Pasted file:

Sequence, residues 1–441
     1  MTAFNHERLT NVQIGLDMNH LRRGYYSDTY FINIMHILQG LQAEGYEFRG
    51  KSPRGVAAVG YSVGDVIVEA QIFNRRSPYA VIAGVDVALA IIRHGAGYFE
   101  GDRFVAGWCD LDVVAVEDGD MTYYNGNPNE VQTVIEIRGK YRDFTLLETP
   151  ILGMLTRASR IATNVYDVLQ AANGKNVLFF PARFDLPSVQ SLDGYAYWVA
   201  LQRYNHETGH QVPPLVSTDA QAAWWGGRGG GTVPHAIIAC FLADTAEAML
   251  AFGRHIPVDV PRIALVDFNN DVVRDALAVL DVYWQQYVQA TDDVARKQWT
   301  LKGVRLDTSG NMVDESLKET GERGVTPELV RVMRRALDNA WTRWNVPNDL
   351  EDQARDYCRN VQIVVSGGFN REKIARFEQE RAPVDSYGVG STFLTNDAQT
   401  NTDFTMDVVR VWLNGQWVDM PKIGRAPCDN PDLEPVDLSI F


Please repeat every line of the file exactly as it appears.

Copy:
Sequence, residues 1–441
     1  MTAFNHERLT NVQIGLDMNH LRRGYYSDTY FINIMHILQG LQAEGYEFRG
    51  KSPRGVAAVG YSVGDVIVEA QIFNRRSPYA VIAGVDVALA IIRHGAGYFE
   101  GDRFVAGWCD LDVVAVEDGD MTYYNGNPNE VQTVIEIRGK YRDFTLLETP
   151  ILGMLTRASR IATNVYDVLQ AANGKNVLFF PARFDLPSVQ SLDGYAYWVA
   201  LQRYNHETGH QVPPLVSTDA QAAWWGGRGG GTVPHAIIAC FLADTAEAML
   251  AFGRHIPVDV PRIALVDFNN DVVRDALAVL DVYWQQYVQA TDDVARKQWT
   301  LKGVRLDTSG NMVDESLKET GERGVTPELV RVMRRALDNA WTRWNVPNDL
   351  EDQARDYCRN VQIVVSGGFN REKIARFEQE RAPVDSYGVG STFLTNDAQT
   401  NTDFTMDVVR VWLNGQWVDM PKIGRAPCDN PDLEPVDLSI F